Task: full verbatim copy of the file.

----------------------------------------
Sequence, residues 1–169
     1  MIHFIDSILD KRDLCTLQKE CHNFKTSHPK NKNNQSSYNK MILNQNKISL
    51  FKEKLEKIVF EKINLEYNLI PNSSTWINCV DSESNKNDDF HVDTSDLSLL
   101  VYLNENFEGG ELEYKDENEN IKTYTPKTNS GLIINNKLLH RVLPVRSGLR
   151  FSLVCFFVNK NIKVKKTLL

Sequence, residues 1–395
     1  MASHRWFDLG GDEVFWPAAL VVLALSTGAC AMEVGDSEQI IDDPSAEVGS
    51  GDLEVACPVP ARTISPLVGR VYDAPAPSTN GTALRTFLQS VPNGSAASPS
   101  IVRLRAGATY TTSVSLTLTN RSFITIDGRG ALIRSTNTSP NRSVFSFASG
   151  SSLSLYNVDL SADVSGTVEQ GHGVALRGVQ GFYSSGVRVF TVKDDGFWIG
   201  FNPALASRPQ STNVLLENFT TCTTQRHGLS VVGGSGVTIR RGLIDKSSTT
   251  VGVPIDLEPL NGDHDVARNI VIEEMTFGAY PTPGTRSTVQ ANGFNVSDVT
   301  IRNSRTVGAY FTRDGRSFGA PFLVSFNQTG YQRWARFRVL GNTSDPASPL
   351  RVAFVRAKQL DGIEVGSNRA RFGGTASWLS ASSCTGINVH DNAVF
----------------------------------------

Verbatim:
Sequence, residues 1–169
     1  MIHFIDSILD KRDLCTLQKE CHNFKTSHPK NKNNQSSYNK MILNQNKISL
    51  FKEKLEKIVF EKINLEYNLI PNSSTWINCV DSESNKNDDF HVDTSDLSLL
   101  VYLNENFEGG ELEYKDENEN IKTYTPKTNS GLIINNKLLH RVLPVRSGLR
   151  FSLVCFFVNK NIKVKKTLL

Sequence, residues 1–395
     1  MASHRWFDLG GDEVFWPAAL VVLALSTGAC AMEVGDSEQI IDDPSAEVGS
    51  GDLEVACPVP ARTISPLVGR VYDAPAPSTN GTALRTFLQS VPNGSAASPS
   101  IVRLRAGATY TTSVSLTLTN RSFITIDGRG ALIRSTNTSP NRSVFSFASG
   151  SSLSLYNVDL SADVSGTVEQ GHGVALRGVQ GFYSSGVRVF TVKDDGFWIG
   201  FNPALASRPQ STNVLLENFT TCTTQRHGLS VVGGSGVTIR RGLIDKSSTT
   251  VGVPIDLEPL NGDHDVARNI VIEEMTFGAY PTPGTRSTVQ ANGFNVSDVT
   301  IRNSRTVGAY FTRDGRSFGA PFLVSFNQTG YQRWARFRVL GNTSDPASPL
   351  RVAFVRAKQL DGIEVGSNRA RFGGTASWLS ASSCTGINVH DNAVF